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Spain shoots down its 'sexist' double-barrelled names

Spain's politically correct government, which legalised gay marriage and simplified divorce proceedings, is now taking aim at a subtle form of machismo: male predominance in Spain's double-headed surnames.

Traditionally in Spain, babies are given two surnames at birth: the first is the father's and the second, the mother's. This causes endless confusion in English-speaking, single-surname countries, but it explains why the names of Spanish leaders and celebrities – from Prime Minister Jose Luis Rodriguez Zapatero to tennis legend Arantxa Sanchez Vicario – take so long to pronounce. It also comes in handy when identifying people born to fathers with common surnames such as Garcia and Perez, the Spanish equivalents of Jones or Smith.

In the Spanish naming game, the first position is most important, and until recently, that honour has been bestowed automatically on the father. But the socialist government of Mr Rodriguez Zapatero (Rodriguez comes from the Prime Minister's father, Zapatero from his mother) is drafting a new law under which a baby's two surnames will be ordered alphabetically unless the parents specify otherwise. The law also eliminates years of bureaucracy needed to change the surname order after the child is born.

"This measure is a logical consequence of the principle of equality between men and women," said the Justice Minister, Francisco Caamaño, whose second last name is Dominguez.

And for some people, name order is more than a feminist symbol. Consuelo Abril, president of COMPI, an umbrella group of women's equality organizations, said: "For the children of women who were killed or beaten by their spouses, it is a true drama to carry the last name of that abuser."

Some legal experts say the new rule could cause surnames at the end of the alphabet to become extinct, but Mr Caamaño believes most couples will likely come to an agreement before the library-like system is imposed. "The alphabetical ordering will be usedonly in case of parental disagreement," he said. Although parent have billing on the national ID card, most Spaniards are known simply by their first surname, such as director Pedro Almodovar, whose full name is Pedro Almodovar Caballero. His mother's contribution to his birth certificate never makes the film credits.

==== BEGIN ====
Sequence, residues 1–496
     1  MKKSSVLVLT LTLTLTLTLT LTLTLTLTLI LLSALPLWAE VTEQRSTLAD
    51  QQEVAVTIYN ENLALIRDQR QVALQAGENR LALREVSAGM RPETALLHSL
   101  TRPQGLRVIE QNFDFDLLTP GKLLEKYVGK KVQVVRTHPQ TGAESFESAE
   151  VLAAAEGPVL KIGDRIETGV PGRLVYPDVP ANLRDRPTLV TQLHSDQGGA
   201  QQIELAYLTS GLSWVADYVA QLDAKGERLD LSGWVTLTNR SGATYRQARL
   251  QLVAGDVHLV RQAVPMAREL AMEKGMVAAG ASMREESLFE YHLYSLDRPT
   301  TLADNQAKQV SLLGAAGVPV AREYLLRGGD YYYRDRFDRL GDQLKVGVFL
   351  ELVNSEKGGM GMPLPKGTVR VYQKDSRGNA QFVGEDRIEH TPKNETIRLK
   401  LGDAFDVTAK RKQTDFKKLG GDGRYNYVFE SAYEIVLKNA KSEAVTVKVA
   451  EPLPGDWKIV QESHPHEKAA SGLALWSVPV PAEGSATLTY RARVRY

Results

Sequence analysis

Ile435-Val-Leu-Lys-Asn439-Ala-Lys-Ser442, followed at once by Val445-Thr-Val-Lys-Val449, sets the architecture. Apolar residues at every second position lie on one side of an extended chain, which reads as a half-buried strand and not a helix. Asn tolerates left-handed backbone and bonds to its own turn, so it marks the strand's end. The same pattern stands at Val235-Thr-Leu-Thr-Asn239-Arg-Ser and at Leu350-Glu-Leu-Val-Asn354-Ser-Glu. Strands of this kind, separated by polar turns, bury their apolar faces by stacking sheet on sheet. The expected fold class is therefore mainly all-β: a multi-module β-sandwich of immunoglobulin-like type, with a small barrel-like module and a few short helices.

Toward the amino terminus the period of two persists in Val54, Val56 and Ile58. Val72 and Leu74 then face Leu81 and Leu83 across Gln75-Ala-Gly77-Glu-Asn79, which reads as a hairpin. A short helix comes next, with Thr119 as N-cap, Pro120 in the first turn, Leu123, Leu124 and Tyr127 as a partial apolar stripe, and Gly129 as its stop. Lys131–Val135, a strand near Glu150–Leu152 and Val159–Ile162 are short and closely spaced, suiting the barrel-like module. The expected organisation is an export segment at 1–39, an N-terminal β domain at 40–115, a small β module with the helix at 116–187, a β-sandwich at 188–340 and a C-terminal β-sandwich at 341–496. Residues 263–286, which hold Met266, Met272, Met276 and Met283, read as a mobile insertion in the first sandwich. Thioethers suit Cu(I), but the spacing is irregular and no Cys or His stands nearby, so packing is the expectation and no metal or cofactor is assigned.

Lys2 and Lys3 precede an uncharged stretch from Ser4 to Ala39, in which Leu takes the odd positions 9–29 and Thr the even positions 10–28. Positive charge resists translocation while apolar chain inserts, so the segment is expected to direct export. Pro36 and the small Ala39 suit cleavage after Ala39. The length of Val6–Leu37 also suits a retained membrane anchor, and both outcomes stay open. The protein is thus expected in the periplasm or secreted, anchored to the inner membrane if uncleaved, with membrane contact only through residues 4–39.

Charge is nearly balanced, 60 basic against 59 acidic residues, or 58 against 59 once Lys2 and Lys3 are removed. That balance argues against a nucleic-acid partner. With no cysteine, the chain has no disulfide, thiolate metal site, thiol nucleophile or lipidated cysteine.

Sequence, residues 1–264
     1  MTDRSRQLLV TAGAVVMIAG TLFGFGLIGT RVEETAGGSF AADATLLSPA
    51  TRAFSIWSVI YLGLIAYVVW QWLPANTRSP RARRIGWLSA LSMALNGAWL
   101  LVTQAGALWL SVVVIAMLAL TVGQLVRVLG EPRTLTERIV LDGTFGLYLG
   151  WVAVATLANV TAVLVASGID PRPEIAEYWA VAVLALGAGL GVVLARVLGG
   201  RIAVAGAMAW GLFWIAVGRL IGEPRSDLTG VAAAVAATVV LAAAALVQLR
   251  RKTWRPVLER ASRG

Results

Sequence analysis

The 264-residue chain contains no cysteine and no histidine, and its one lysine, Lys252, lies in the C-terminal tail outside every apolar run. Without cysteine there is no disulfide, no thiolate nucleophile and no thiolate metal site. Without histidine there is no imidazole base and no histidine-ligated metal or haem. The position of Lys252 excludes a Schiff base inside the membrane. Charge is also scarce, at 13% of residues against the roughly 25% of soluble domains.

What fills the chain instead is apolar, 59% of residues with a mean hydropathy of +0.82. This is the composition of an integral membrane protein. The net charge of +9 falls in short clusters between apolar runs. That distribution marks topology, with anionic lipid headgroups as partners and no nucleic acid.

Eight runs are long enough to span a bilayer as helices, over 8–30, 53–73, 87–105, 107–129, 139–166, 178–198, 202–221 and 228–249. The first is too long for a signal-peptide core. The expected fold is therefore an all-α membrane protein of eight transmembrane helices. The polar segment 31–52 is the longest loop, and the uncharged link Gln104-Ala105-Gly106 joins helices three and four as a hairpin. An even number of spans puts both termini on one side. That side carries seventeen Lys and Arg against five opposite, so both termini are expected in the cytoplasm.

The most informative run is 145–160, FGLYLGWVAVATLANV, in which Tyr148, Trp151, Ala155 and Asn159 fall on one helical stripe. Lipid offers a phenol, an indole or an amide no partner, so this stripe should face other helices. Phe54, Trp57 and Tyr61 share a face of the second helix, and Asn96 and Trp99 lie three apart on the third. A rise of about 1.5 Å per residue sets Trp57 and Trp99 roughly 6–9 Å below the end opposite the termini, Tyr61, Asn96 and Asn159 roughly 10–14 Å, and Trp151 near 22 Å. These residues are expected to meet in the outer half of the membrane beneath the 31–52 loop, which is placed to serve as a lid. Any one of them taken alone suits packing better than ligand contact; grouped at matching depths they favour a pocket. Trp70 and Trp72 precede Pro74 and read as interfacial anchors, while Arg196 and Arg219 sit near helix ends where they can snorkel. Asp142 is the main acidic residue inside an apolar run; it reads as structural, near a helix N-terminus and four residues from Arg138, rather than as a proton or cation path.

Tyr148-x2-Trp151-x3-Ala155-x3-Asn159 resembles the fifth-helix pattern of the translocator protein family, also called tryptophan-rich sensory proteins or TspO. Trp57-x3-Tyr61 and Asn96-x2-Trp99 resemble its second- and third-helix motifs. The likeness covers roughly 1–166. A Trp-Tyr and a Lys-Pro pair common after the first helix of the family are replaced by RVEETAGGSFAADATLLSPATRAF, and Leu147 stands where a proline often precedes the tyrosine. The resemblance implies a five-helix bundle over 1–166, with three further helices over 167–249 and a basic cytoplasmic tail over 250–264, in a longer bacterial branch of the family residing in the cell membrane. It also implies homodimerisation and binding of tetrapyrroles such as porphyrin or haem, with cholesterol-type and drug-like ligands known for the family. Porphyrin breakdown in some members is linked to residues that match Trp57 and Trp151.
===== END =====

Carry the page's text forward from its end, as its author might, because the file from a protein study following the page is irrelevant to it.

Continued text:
In fact, the name that appears in second place is usually relegated to the status of the mother's maiden name in Britain – convenient for bank identification but little else – unless it is more interesting than the father's. The full name of actor Javier Bardem, is Javier Encinas Bardem. According to Spanish custom, he should be known as Javier Encinas. But by using his mother's name, Bardem, he declares his membership in the Bardem acting dynasty.

While making progress on the equality front, the alphabet legislation fails to solve the dilemma of single mothers, who must still figure out how to fill in the blank on the civil register form reserved for the father's last name. They are usually forced to invent one. The names of singers such as Ricky Martin or Julio Iglesias are especially common, according to El País newspaper. It is not clear how gay partners should proceed.

Under the late dictator General Francisco Franco, first names were obligatorily chosen from an approved list of saints.Now the new the legislation will even spare couples from declaring whether their baby was born out of wedlock, a requirement since 1957. "The law is more in synch with our times," a Justice Ministry spokeswoman said.

Javier Encinas Bardem

The actor is more commonly known as Javier Bardem, but uses his mother's surname because she is part of an acting dynasty.

Penelope Cruz Sanchez

The actress has always gone by Penelope Cruz professionally. She has said that when she has her baby, her mother's last name, Sanchez, will not reach the next generation.

Jose Luis Rodriguez Zapatero

The Spanish Prime Minister is usually referred to by his mother's last name, Zapatero, because the name Rodriguez is so widspread.

David Villa

The Spanish footballer's full name is David Villa Sanchez. The new law would mean he will be known as David Sanchez.